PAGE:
Even the young Luther, in 1505, in the midst of the thunderstorm that threatened his life, prayed to Saint Anne. As a lightning bolt struck just feet away from him, in fear of his life, he shouted, “Save me Saint Anne and I will become a monk.” Saint Anne was the patron saint of miners, and seeing that Luther was from a mining family, it seemed natural to him to pray to Saint Anne to save him from impending death. Luther, in surviving the storm, kept his vow to Saint Anne, gave up his studies to become a lawyer (much to the anguish and consternation of his father, Hans) and joined the monastery. The young Luther’s devotion to the saints (before his conversion to Christ) was typical of that era.
God will not share His glory with another (Isa. 48:11). Salvation was designed to give God’s glory the maximum amount of exposure. It resounds to the praise of the glory of His grace (Eph 1:6), according to the riches of His grace (v. 7), to the end that we who were the first to hope in Christ would be to the praise of His glory (v. 12), with a view to the redemption of God’s own possession, to the praise of His glory, (v. 14).
Only God gets glory for our salvation. Human merit (or works) plays no part in a person’s salvation but are merely the by-product, or fruit, of a relationship with God, established by God’s grace alone (Eph. 2:8 -10).
The five solas are relevant in all ages, because they are truths that can be clearly demonstrated from sacred Scripture. To many, these doctrines are mere historical novelties – interesting milestones and beliefs of a former era. Yet, as far as I can see, it is very much apparent that we need these same biblical, Holy Spirit inspired correctives in our own day.
The 16th Century is one very different to our own. We may strongly disagree with the burning of heretics at that time, and perhaps even be shocked by the very hostile rhetoric that flowed freely between those who disagreed on these issues. Yet at the same time, we must try to understand a culture so removed from ours where people believed the Bible was the Word of God; that heaven and hell were real places; and that doctrine actually mattered.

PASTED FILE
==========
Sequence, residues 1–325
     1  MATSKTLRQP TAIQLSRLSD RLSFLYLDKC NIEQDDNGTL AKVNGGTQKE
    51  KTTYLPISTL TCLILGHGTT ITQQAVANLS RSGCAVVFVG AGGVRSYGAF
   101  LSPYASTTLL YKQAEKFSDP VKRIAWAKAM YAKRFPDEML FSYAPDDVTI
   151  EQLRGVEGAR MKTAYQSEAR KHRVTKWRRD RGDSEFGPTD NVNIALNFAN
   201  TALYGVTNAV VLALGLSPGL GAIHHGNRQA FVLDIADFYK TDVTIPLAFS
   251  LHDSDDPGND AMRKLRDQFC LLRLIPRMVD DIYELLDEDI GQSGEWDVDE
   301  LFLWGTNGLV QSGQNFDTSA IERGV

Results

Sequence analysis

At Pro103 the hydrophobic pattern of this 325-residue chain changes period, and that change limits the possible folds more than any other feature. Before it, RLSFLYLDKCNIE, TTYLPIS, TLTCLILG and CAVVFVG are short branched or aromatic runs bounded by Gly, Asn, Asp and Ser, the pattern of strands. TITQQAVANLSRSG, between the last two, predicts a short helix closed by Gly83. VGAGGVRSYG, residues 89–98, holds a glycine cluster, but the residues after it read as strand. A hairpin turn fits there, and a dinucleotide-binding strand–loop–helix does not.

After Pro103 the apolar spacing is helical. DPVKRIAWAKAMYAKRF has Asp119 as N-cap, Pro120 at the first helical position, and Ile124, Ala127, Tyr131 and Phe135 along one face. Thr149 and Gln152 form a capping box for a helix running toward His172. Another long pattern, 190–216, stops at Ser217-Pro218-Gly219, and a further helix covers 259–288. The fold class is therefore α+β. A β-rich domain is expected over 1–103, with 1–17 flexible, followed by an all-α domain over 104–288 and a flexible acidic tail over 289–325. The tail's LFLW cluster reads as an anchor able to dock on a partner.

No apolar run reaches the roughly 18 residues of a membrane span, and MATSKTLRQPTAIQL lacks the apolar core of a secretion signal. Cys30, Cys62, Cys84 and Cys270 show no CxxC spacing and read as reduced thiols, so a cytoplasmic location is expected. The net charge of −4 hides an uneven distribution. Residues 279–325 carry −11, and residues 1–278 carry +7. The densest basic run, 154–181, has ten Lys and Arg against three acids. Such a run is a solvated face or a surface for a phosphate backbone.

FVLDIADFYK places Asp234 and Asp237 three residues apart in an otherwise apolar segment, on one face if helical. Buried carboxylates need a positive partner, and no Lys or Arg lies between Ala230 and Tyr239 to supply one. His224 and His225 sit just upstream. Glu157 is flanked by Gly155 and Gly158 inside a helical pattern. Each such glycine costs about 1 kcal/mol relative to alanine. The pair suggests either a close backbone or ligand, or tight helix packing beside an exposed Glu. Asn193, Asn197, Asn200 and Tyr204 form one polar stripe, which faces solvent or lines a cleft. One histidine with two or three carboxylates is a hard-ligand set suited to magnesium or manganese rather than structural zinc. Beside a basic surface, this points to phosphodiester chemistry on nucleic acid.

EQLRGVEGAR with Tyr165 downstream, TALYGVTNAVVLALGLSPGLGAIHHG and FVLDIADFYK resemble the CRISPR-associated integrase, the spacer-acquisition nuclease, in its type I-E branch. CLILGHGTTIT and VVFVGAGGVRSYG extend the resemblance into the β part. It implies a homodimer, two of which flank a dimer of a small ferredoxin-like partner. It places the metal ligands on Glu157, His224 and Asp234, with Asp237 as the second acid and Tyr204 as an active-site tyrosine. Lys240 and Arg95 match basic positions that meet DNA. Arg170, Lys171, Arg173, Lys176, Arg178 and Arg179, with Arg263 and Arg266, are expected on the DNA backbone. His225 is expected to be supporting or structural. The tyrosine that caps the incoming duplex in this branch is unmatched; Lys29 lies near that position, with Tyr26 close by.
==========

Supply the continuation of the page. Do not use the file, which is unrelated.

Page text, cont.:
Today, many want to hear a positive or affirming message when they come to a Church. They certainly don’t want to hear about the majestic holiness of God, or the wrath of God against sin. I am not sure how popular the Apostle Paul would be if he was enabled to preach on Christian television in our day and taught from Romans Chapters 1 – 3. What do you think?
In 2 Timothy 4:1-5, Paul gave Timothy this charge: “I solemnly charge you in the presence of God and of Christ Jesus, who is to judge the living and the dead, and by His appearing and His kingdom: preach the word; be ready in season and out of season; reprove, rebuke, exhort, with great patience and instruction. For the time will come when they will not endure sound doctrine; but wanting to have their ears tickled, they will accumulate for themselves teachers in accordance to their own desires, and will turn away their ears from the truth and will turn aside to myths. But you, be sober in all things, endure hardship, do the work of an evangelist, fulfill your ministry.”
Perhaps the greatest sign that all is not well in our day is the fact that God may well be giving the people what they want – preachers who will tell them what their itching ears want to hear (verses 3, 4 above). Could it be that this, by itself, is God’s judgement? I’ll let you, the reader decide.
I don’t believe the Holy Spirit has moved on from the central truths of the Reformation. In fact, I believe He is calling His Church back to the proclamation of these doctrines that once shook the world.
by Dr. James Montgomery Boice
What follows below is a very short summary of what is known as the five solas (sola being the Latin word for “alone”). It comes from the book “Whatever Happened to the Gospel of Grace?” by Dr. James Montgomery Boice.